I have read numerous posts on this subject, and am going to test the lambda sensor this afternoon.
The question I am asking is that the emission readings have changed so drastically that I think I may have missed something whilst refurbing the NA over the last few months. Perhaps someone more knowledgeable can point me in the right direction.
The MOT test was carried out in France.
I have had the car tested twice in the last year and only driven 234 miles between tests due to the renovation work.
As part of the renovation I have changed the oil, air filter, fuel filter and plugs. The timing belt was also changed. The car runs sweetly.
I have removed the engine and box during the work. I have also sprayed the downpipe which houses the lambda sensor, although the sensor was removed during this process. It was stored safely, but perhaps was damaged during removal? Are they that fragile? I have ensured that the O2 sensor is connected
The readings from the last test were
O2 Idle 0.32% ( < 0.5% )
O2 fast idle 0.3% ( < or = 0.3% )
Lambda 1.030 ( 0.97 to 1.03 )
234 miles later
O2 idle 4.22%
O2 fast idle 4.56%
The MOT technicien indicated he thought it may be the lambda sensor. I asked why as that was the only reding which had not only passed, but improved. He stated that if the O2 readings changed, so would the lambda reading. In his experience the lambda was the issue, not the cat.
This is an area out of my field of experience, so any and all help greatly appreciated.
Hi Richard, why do you say the Lamda has passed? The spec is 0.97 to 1.03 and your reading was 0.88 so below the minimum. Sorry if you already know this but properly testing a Lamda sensor in the car is tricky. You need an oscilloscope as the output, if working correctly, swings between 0 and 1 volt about 8 to 10 times a second and a meter or DVM won’t show this.
A Lambda of 0.88 isn’t going to pass the MoT and indicates a rich fuel/air mixture. You can check for sensor error codes and the operation of the sensor, there are instructions in the technical area of the forum. Bear in mind that you may get a 4 digit error code as you have a late NA.
Thanks for your speedy replies as ever
I think I have found the ( MY ! ) problem.
I went to remove the lambda sensor to bench test it and it was loose in the downpipe. I could see a couple of the threads on the sensor and removed it by hand. I guess I didn,t nip it up after reinstalling it. Durrrrrrrrr…
I bench tested it, reinstalled it, tested in situ and achieved the figures indicated in this thread.
I had to rev the engine up and down to achieve the less than 0.2v and more than 0.7v, but I guess using a multimeter rather than an oscilloscope, that’s the best I can hope for.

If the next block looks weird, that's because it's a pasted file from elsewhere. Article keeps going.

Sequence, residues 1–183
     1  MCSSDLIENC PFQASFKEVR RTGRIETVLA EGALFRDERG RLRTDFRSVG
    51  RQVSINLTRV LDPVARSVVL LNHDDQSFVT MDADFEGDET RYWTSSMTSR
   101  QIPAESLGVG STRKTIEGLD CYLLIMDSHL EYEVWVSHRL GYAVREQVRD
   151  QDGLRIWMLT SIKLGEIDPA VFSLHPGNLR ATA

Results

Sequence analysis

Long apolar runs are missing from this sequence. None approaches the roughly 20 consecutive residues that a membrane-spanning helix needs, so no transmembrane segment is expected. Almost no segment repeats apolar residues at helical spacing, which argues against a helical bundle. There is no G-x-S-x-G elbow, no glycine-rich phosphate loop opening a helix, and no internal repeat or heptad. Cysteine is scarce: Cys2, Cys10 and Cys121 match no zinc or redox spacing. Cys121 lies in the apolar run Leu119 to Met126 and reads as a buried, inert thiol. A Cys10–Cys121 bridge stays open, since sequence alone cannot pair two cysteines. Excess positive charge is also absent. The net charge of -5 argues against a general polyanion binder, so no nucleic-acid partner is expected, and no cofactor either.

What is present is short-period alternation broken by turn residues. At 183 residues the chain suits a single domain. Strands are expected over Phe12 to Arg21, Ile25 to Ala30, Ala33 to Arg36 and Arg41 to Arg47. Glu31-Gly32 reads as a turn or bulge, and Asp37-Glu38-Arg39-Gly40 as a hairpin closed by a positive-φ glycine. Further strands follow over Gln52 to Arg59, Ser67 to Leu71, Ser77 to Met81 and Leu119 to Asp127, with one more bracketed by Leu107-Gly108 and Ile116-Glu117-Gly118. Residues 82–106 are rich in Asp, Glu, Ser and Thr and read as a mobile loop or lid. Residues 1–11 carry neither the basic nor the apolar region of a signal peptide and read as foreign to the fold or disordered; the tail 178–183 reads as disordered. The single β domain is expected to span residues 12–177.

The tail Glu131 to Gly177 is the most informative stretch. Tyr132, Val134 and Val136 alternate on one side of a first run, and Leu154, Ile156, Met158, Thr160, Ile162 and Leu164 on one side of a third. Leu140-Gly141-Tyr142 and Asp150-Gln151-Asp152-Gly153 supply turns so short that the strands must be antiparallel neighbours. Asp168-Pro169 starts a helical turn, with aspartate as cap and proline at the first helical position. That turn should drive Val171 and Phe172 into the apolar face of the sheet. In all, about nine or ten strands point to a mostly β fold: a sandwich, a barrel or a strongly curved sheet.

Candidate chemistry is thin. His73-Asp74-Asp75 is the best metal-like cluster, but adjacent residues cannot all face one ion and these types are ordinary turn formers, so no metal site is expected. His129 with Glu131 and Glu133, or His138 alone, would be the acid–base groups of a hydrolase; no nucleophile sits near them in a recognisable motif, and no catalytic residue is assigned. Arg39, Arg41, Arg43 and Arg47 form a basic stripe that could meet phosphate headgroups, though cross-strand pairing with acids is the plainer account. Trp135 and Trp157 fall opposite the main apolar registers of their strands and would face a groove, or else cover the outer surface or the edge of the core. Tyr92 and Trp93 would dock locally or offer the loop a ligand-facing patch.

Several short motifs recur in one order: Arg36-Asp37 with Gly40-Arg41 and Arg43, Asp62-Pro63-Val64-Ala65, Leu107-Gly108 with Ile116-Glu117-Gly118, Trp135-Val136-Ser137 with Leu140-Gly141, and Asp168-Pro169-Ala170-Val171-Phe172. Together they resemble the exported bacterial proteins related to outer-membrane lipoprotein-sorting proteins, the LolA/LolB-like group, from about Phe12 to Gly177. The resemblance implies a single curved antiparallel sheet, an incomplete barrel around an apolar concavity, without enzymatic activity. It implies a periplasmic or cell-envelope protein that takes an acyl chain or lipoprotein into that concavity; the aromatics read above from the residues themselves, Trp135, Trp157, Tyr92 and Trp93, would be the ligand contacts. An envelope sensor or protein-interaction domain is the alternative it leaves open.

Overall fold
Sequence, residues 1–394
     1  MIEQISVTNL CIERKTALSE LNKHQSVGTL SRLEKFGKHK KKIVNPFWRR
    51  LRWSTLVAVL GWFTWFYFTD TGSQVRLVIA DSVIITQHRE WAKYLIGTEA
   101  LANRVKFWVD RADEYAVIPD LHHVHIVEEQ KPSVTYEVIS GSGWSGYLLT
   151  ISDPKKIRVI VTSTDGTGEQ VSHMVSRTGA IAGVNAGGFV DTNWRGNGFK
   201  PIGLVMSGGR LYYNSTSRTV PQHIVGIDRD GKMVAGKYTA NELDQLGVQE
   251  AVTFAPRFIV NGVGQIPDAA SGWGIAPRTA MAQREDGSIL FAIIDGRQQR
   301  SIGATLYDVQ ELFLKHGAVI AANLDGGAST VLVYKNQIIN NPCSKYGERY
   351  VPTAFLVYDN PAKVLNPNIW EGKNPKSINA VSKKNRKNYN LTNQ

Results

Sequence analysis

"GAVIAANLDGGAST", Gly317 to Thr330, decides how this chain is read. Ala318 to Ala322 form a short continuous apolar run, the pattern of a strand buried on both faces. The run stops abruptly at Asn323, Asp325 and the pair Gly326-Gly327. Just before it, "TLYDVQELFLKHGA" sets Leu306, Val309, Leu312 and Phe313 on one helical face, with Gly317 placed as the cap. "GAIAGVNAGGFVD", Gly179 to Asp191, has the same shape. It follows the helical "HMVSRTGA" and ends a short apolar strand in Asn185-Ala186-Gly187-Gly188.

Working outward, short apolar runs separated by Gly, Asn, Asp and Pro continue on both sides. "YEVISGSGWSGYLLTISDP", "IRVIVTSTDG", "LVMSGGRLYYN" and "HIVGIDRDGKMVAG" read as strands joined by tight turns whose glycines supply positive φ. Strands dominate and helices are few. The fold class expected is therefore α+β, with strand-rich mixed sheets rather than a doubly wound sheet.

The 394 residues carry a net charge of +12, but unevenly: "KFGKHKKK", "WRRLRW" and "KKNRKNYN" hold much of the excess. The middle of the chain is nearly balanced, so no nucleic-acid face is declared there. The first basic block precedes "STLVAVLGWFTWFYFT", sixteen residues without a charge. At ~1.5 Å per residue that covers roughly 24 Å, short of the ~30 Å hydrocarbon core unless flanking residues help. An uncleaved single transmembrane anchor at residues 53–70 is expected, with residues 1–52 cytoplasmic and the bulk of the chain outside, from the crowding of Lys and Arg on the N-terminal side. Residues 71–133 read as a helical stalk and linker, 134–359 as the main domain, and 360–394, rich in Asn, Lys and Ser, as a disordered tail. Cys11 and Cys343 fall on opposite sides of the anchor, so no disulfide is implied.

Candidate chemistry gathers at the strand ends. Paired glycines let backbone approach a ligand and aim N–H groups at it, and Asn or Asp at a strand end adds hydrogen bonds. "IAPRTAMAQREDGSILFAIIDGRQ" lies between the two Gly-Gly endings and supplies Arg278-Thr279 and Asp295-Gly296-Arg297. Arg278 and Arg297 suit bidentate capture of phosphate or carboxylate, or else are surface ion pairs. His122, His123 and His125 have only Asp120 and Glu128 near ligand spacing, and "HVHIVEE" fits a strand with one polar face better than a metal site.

Dave, my mistake, I didn’t read the figures properly regarding the lambda sensor. I was so gutted that the car had failed on just its emissions after a full stripdown and rebuild. I have stripped the shell completely, subframes and wishbones refurbed, new bushes all round, painted / rust protected everything, replaced shockers, brake lines replaced, brakes, calipers, clutch, cambelt and water pump, countless other things, interior from a V Special, new hood and frame from an NBFL, refurbed the wheels, new tyres all round, hunter 4 wheel alignment, and wanted to get a fresh MOT with no faults and no advisories…if it turns out that the only fault is with me not tightening the lambda sensor up I will be so annoyed with myself…on the other hand…for a DIY enthusiast…it will be a great result, and hopefully I will have finished spending…except for a new interior from seat surgeons…and a fresh paint job !
I will post the results of the retest.
If anyone thinks the above may not solve the problem, please let me know as I would hate to waste the retest fee lol
85% lambda sensor not screwed in properly.
10% you have damaged the cat due to the overich mixture due to the loose lambda.
5% you have done something silly in the engine bay you have not noticed yet.
I Hope your percentage guess is spot on. Re test booked for thursday afternoon…time will tell. Thanks Richard
One other thing that can cause an over-rich mixture is a failed inlet air temperature sensor. If it gives an incorrect reading, the ECU will give extra fuel.
This happened on my other car (not an MX-5) when a backfire into the inlet plenum physically burned the sensor.
Your car looks stunning. I know it’s been a long journey for you but hopefully the end is now clearly in view.
Let us know how it goes Thursday.
An Happy update to this thread !
Went for the retest today after tightening the lambda sensor…and passed !
Today’s readings were O2 idle 0.41 O2 Fast idle 0.19 Lambda 1.01
Such a stupid mistake to make…cost me €25 for the retest…but could have been much more expensive.
Thanks to all who contributed to this thread.